On September 13, 2021, between the times of 14:53 UTC and 15:44 UTC, the imgix service experienced increased rendering latency primarily for non-cached derivative images. Error rates remained low, though a very small percentage of images returned a timeout error during the peak of the incident.
Between the time of 14:53 UTC and 15:27 UTC, some customers experienced dramatically increased latency for requests to non-cached and cached assets served by imgix. At the peak of the incident, cached requests averaged at 1s/request to complete, while non-cached requests averaged at 40s/request to complete.
The majority of requests to the service returned a
200 response, with a small percentage of images (<2%) returning a timeout error during the peak of the incident.
By 15:03 UTC, response times began to gradually recover, though the average response time was still higher than normal, especially for non-cached derivatives.
By 15:27 UTC the service had recovered to the point where timeouts were no longer occurring. Though higher-than-normal response times were still being reported in our monitoring, by this time the service was considered to be mostly recovered.
By 15:44 UTC, the service had completely recovered.
At 14:53 UTC, we started receiving reports from customers regarding increased latency to the rendering service. At the time of these reports (and during the incident), our monitoring had not observed any behavior that had indicated service degradation. Because of this, manual alarms had to be raised which slowed our initial response and investigation.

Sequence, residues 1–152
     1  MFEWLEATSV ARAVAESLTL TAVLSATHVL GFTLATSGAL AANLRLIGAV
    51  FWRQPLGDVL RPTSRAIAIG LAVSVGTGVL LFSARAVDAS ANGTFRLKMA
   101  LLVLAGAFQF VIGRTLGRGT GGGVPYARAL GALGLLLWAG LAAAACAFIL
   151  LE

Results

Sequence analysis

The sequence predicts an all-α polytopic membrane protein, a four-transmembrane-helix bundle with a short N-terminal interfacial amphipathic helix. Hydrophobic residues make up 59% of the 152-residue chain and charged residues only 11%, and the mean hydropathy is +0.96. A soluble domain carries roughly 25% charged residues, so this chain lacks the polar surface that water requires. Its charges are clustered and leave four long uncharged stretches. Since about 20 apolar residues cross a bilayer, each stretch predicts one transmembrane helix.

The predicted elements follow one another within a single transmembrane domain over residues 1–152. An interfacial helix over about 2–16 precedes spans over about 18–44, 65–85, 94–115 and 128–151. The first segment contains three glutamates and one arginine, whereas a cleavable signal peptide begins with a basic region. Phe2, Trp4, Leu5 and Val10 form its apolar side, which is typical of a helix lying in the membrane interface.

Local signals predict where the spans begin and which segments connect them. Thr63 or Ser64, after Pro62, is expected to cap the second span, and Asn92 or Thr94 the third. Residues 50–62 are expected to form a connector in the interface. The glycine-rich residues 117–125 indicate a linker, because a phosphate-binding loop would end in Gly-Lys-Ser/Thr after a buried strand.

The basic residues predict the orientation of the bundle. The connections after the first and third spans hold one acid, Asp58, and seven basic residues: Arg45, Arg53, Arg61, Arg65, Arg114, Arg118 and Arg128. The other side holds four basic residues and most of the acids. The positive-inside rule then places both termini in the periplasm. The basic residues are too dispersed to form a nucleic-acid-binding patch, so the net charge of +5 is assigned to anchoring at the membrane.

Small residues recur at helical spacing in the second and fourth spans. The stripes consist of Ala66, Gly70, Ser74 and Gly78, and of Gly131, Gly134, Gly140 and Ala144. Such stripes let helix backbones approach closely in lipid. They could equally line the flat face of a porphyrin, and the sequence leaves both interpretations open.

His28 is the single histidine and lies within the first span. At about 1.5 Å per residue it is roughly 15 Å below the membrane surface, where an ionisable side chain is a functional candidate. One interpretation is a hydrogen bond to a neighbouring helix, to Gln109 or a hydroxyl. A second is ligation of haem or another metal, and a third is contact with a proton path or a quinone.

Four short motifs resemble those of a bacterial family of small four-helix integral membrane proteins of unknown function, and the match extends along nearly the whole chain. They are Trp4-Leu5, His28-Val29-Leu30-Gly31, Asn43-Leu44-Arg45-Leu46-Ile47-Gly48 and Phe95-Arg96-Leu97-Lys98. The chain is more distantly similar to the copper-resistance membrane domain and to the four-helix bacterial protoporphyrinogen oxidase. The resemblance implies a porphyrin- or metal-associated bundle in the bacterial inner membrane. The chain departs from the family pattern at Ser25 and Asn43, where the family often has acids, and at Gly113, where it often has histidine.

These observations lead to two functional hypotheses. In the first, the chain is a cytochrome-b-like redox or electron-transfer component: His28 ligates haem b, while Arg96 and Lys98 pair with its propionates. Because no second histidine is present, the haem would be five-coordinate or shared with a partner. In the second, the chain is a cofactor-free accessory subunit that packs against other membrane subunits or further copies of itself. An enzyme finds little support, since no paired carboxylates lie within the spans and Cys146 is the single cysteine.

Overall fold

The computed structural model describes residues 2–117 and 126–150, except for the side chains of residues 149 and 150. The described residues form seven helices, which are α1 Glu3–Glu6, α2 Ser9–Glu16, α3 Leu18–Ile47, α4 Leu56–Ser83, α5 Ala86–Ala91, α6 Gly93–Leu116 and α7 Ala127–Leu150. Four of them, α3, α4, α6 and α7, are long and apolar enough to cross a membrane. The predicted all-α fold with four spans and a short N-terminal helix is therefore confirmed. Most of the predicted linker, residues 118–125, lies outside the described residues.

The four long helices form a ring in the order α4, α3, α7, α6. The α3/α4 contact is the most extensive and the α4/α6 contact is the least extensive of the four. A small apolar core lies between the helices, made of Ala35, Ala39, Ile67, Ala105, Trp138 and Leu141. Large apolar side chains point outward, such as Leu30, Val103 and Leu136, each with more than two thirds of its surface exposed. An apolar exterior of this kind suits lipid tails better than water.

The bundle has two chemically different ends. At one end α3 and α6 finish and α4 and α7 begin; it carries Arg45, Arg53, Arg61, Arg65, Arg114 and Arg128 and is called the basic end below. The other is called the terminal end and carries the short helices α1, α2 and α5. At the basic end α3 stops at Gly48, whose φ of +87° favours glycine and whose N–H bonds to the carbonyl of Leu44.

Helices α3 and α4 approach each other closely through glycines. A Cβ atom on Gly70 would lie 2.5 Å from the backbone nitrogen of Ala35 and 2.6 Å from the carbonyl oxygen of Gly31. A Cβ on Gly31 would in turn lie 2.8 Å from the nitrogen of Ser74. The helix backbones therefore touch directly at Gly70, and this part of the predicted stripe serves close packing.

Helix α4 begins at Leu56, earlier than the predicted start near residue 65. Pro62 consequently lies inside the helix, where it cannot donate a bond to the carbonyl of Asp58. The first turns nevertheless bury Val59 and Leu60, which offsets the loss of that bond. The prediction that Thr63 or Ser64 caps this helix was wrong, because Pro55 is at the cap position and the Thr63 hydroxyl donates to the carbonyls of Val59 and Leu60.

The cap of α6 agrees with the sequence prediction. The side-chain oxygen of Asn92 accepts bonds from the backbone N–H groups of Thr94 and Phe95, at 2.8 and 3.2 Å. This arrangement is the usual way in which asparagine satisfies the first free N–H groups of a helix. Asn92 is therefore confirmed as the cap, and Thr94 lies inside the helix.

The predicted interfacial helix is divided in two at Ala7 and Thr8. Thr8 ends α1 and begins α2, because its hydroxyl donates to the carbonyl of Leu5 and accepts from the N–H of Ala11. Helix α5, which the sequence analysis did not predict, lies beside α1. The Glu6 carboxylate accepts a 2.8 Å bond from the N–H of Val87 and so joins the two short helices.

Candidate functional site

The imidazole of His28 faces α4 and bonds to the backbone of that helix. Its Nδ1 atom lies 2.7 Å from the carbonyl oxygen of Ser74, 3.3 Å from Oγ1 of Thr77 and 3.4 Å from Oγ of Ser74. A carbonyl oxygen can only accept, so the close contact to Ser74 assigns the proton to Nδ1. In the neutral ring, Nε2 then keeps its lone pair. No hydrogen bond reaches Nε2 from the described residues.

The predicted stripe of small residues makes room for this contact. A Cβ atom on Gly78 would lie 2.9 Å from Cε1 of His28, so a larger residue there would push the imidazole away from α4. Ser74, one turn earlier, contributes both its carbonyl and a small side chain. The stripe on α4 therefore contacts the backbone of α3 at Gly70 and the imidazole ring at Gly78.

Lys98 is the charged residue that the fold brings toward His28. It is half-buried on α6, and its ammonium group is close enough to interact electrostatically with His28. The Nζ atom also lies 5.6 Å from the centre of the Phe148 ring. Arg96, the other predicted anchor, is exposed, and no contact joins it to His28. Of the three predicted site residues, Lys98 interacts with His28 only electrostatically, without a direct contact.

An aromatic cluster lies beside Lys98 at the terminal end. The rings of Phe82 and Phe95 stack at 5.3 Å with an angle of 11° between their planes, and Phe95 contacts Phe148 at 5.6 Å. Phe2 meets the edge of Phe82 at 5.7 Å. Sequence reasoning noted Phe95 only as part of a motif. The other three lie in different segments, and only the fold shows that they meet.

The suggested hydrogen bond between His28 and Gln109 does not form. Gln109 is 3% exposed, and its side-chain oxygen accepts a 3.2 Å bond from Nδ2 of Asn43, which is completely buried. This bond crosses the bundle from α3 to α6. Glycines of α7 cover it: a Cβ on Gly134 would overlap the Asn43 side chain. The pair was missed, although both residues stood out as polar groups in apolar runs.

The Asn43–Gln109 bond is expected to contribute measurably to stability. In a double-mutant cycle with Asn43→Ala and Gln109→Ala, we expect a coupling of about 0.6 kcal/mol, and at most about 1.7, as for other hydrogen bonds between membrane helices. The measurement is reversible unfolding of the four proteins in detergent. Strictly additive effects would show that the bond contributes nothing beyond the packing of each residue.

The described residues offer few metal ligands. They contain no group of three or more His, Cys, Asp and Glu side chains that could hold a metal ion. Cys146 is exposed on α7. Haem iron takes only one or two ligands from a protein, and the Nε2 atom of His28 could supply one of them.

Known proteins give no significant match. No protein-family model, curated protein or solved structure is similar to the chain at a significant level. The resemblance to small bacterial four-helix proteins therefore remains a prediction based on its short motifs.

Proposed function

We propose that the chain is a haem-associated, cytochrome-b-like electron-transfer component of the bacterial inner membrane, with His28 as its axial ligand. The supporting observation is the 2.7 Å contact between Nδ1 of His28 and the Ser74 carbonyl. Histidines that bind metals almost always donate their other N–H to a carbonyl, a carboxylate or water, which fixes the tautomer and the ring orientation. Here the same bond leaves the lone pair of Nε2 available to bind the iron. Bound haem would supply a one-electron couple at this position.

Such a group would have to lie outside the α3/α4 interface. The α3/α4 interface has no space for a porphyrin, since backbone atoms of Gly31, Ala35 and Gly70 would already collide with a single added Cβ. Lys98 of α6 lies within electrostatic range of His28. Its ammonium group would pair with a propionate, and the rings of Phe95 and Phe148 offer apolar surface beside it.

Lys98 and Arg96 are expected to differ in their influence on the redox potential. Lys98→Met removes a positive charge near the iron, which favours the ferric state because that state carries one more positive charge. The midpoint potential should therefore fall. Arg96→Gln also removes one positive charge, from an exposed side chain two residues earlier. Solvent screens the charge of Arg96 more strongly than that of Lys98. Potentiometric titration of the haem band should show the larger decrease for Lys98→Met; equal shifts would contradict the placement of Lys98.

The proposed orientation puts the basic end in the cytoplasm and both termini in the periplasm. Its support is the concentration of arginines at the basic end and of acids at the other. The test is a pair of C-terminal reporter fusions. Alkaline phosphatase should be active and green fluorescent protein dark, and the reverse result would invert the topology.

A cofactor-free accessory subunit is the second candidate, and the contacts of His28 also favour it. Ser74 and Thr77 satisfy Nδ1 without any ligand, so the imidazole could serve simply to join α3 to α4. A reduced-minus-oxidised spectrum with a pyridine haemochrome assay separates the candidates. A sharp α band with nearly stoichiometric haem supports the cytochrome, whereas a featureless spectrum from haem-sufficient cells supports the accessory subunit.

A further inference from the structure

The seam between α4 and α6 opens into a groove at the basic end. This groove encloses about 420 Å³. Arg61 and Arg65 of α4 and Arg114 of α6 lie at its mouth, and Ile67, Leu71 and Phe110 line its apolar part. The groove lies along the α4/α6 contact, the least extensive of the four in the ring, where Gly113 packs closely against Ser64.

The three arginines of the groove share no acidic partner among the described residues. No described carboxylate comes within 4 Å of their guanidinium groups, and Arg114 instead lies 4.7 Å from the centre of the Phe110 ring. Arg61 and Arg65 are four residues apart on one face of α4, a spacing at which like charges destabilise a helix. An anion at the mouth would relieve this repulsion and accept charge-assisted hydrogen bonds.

Our engineers identified that, while our service’s reported errors were very low, our rendering latency was rapidly increasing. After verifying the issue, our team began tuning our rendering infrastructure in order to improve rendering performance.
After additional investigation, our team correlated the increased latency to the enablement of a new feature that resulted in higher render requests than expected. This specific feature interacted with our caching and rendering infrastructure by causing many requests to be immediately re-cached and re-rendered. The immediate increase in caching activity and volume triggered a bottleneck which eventually resolved itself once the cache had been mostly rebuilt.
We will be re-visiting our procedures for rolling out new features, which will include:
This incident also exposed an error with our rendering performance monitoring, which we have now fixed.